As the Sustainable Food Trust hosts "The True-Cost Accounting in Farming and Food" conference in London Thursday and Friday, here is a Q&A with Patrick Holden, the Founding Director of the Trust, about the true cost of the food we eat - and how we can make those costs more visible.
There are a whole lot of resources that go into the meat you eat, many of which are not obvious or accounted for. Find out why meat production is so resource-intensive. The second of three posts about possible limits to global meat production.
The US Farmers & Ranchers Alliance wants to talk to consumers, but it appears the organization is more concerned with countering the public's increasing awareness of the health and environmental harms associated with industrial agriculture.
In the wake of reports from the CDC and Johns Hopkins on the urgent threat of antibiotic resistant infections, the pressure is on America's biggest retailer to tackle the antibiotics overuse problem in meat production.
To handle risks like the 2012 drought, most farmers turn to the Federal Crop Insurance Program, which pays for part of the losses that farmers suffer when weather destroys their crops, but farmers have another key tool to help them become more resilient to these challenges right beneath their boots - their soil!
Climate change, global warming and weather all impact each other but they aren't the same things. Read about the difference and find out how they're all making droughts and floods worse.
The Natural Resources Defense Council (NRDC) and GRACE are partnering to pose this challenge to the hackers at Hack//Meat SV: How can we find, recruit and empower a million consumer activists to demand meat without antibiotics?
It's been a busy few weeks of developments in genetic engineering (GE) news, each deserving of further attention - so without further ado, here's a roundup-ready (sorry, we couldn't resist) collection of the most important stories about genetically modified organisms (GMOs), as well as efforts to require their labeling.
Just when you thought the market for controversy over genetically modified organisms (GMOs) was completely saturated, a new study published in the Journal of Organic Systems finds that pigs raised on a mixed diet of GM corn and GM soy had higher rates of digestive and reproductive health problems.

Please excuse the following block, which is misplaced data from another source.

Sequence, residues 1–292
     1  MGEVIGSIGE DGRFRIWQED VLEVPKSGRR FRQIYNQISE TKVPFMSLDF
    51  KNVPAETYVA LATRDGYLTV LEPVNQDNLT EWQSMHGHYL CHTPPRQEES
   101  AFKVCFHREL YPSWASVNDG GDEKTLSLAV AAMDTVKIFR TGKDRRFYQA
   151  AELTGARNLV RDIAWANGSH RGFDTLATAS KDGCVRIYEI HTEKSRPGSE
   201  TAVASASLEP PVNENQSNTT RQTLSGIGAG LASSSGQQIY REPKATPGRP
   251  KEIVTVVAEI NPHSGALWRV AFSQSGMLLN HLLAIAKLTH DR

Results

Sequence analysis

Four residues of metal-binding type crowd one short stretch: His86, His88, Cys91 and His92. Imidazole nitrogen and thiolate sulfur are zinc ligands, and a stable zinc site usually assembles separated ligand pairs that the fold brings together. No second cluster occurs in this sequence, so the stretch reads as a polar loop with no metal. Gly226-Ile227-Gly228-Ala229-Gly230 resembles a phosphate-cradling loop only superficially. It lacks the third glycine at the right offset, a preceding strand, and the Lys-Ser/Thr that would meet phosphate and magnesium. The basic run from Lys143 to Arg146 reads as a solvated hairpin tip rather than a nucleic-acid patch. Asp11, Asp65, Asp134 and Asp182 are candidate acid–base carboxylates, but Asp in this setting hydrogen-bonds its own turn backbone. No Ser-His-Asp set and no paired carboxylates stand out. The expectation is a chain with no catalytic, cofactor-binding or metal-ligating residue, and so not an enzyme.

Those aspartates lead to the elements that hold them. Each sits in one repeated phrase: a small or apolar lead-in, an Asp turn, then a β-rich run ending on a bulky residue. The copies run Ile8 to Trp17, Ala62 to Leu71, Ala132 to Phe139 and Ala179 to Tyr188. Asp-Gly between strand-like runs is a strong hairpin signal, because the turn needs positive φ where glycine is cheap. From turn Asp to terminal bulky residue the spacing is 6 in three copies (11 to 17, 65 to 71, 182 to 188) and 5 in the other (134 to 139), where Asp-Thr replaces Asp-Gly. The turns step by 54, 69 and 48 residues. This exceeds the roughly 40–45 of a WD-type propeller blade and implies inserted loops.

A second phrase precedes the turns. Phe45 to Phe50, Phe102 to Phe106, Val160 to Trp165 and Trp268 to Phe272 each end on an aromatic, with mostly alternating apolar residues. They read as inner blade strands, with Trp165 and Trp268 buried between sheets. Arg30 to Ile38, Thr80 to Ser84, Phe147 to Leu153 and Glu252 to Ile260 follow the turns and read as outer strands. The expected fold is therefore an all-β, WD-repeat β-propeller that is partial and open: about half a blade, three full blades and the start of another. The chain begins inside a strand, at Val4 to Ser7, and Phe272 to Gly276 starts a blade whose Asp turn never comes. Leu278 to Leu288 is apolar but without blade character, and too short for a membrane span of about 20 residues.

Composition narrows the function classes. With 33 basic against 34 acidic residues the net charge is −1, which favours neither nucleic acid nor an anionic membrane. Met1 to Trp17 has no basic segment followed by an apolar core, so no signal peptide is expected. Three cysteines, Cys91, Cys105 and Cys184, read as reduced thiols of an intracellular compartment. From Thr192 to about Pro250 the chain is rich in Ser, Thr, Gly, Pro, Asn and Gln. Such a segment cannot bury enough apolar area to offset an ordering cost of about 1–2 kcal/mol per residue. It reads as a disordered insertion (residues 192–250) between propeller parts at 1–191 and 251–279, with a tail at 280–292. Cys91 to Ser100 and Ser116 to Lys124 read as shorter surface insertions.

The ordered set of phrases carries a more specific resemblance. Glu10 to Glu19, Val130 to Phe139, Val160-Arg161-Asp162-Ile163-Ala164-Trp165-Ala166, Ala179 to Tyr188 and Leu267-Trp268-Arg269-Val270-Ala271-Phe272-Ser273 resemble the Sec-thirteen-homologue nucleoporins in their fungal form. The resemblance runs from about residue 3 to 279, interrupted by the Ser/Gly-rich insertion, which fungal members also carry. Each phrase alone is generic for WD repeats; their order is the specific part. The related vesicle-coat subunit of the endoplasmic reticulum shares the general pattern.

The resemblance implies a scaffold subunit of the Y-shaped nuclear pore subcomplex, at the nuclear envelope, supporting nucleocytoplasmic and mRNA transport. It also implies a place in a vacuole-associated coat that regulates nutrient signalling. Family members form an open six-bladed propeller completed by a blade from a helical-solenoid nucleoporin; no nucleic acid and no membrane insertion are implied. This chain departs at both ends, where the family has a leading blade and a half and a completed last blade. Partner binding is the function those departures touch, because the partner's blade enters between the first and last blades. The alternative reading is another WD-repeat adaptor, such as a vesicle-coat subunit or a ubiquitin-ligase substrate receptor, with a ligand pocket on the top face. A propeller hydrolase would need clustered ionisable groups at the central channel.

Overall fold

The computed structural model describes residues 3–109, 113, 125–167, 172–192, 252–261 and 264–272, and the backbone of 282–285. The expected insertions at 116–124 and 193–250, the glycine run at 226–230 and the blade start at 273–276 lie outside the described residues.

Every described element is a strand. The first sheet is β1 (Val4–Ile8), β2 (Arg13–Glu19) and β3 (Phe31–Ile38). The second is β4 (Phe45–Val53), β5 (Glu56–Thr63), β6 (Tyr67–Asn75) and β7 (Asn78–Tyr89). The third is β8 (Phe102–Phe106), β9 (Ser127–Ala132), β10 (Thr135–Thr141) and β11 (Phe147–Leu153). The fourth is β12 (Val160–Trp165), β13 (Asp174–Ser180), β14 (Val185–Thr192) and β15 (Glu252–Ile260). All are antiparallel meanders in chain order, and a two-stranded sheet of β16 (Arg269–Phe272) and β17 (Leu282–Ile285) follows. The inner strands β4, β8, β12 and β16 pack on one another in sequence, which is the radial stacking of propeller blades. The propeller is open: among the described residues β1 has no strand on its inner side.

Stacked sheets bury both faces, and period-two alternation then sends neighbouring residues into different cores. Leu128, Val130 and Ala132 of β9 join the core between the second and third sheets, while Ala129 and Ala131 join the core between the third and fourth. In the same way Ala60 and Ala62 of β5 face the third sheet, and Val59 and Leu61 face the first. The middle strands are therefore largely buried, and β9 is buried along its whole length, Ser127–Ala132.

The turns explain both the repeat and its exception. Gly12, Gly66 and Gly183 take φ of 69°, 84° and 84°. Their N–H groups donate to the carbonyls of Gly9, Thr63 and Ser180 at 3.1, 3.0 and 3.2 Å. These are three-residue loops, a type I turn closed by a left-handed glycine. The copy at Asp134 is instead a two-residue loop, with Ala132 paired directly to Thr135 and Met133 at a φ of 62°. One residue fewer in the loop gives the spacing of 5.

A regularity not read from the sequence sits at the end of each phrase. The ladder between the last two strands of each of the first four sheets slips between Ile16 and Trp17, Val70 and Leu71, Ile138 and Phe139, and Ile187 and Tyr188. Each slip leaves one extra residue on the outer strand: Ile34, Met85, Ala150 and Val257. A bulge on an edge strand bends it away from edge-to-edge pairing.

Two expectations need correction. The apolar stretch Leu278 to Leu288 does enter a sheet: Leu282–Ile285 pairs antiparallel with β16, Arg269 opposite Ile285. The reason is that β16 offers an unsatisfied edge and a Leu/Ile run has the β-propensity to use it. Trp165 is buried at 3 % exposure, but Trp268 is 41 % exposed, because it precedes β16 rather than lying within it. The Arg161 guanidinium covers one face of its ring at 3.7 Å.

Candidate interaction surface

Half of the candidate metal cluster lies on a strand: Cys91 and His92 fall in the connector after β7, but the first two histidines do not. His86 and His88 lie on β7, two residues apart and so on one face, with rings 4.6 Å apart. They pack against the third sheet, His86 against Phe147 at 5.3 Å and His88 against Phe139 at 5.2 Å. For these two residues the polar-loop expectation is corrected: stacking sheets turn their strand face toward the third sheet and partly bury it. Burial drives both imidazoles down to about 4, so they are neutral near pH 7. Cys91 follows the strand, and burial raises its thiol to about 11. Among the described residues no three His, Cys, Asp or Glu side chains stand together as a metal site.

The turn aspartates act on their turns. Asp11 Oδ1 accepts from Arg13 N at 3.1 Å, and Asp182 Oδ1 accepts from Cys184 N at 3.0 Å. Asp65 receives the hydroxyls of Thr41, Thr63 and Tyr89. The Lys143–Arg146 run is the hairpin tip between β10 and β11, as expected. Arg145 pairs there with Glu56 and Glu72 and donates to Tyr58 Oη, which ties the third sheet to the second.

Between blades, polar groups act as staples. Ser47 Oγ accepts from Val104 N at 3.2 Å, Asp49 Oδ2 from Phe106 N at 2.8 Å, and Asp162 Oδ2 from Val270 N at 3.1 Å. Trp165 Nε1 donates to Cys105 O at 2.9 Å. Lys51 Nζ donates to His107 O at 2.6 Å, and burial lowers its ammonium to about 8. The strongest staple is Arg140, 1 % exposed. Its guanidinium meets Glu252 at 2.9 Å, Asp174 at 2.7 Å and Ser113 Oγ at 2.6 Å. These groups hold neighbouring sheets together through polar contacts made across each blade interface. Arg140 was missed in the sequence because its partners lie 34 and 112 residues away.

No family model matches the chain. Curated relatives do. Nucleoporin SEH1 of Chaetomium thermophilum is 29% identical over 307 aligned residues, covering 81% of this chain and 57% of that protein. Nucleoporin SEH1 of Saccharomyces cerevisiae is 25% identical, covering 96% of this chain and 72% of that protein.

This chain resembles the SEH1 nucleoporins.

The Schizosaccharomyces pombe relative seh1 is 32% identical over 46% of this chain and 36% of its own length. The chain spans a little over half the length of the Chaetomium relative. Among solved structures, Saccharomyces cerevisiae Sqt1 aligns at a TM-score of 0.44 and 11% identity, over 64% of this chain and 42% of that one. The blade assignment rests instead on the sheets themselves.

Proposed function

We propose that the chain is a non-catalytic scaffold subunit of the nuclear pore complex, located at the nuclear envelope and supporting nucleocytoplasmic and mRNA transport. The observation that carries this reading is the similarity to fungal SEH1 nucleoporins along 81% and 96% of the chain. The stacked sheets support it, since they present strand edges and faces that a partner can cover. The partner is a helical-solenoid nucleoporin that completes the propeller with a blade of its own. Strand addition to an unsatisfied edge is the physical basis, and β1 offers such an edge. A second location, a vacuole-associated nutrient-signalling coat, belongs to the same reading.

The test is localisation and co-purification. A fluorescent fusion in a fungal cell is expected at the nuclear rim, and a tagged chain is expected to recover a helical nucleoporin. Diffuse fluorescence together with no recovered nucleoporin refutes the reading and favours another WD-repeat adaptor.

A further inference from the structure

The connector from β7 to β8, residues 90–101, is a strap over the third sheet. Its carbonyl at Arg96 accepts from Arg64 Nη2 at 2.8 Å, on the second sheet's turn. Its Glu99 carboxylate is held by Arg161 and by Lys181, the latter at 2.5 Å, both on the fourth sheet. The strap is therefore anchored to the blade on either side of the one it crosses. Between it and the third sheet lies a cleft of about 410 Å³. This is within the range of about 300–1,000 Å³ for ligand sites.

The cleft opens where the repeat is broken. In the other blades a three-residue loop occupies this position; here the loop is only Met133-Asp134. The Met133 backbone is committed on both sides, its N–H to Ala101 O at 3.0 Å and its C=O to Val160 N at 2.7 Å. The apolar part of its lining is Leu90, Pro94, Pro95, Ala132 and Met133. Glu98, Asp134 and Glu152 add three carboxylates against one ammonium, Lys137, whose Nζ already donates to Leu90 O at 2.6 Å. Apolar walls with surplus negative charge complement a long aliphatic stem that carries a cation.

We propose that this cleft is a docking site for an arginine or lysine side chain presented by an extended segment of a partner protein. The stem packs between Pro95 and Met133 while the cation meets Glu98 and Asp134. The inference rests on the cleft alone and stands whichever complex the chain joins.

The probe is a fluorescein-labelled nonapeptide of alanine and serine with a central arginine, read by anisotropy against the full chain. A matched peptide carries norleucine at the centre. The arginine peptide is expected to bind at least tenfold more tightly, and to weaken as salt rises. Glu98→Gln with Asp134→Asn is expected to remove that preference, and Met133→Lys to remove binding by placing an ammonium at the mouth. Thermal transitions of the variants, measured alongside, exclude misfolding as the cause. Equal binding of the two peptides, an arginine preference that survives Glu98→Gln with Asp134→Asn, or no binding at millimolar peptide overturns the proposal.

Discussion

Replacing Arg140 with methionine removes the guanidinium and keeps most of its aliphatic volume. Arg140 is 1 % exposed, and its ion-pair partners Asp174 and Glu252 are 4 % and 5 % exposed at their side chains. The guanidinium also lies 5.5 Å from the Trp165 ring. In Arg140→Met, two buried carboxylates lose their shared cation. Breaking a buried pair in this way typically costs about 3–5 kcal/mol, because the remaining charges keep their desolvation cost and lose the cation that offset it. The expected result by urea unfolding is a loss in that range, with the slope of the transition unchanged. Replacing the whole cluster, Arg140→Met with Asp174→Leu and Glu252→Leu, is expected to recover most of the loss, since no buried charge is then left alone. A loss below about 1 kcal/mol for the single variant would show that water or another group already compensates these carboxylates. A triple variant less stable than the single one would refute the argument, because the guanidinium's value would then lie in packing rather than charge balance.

The farmland sitting on top of the shale is known for producing raisins, nuts, fruits, vegetable and cotton. Given California's rich oil history, oil and agriculture interests have co-existed for a long time, but fracking could pit the two against each other.
Recently, the Union of Concerned Scientists put together a policy brief, in which they outline a vision of a healthful alternative to the unsustainable practices that are involved in industrial agriculture. Accompanied by a bright interactive web feature illustrating the components of a healthy farm, the brief spells out the principles, practices and benefits that come along with a shift toward farming based on ecological principles, or agroecology.
Last week, drafts of the nearly $955 billion 2013 Farm Bill legislation were passed through both the House and Senate Agriculture Committees. The wild, wacky odyssey towards a new five-year farm bill continues - to what end is still unclear. Ahead: floor debates in the Senate and the House.
Maybe it's time we demanded a health warning on intensively produced meat products. Because when it comes to the link between modern so-called science-based industrial livestock farming and the rise of life-threatening antibiotic resistant bacteria, the evidence just keeps on coming.
Over the winter, Ecocentric interviewed farmers across the country from our Eat Well Guide in an effort to highlight both the challenges and triumphs of sustainable farmers across the country. Join us as we delve in to discover what it means to be a farmer in the 21st century.
Although it may have taken half a century, we are now seeing Rachel Carson's frightful predictions become reality. Countries across the world are growing increasingly concerned with the plight of honey bees. Rightfully so - they are indicating quite clearly the deterioration of our ecosystems. But here in the United States, while we patiently wait 5 more years for our government agencies to review the registrations of neonicotinoid chemicals, there are many things we can be doing now to help.
Recently, GRACE Program Director Kyle Rabin interviewed Dr. Chris Gobler of Stony Brook University. They discussed threats to Long Island's drinking water supply, harmful algal blooms like brown tide and how a local shellfisherman's personal story inspired Chris's path as a scientist and professor.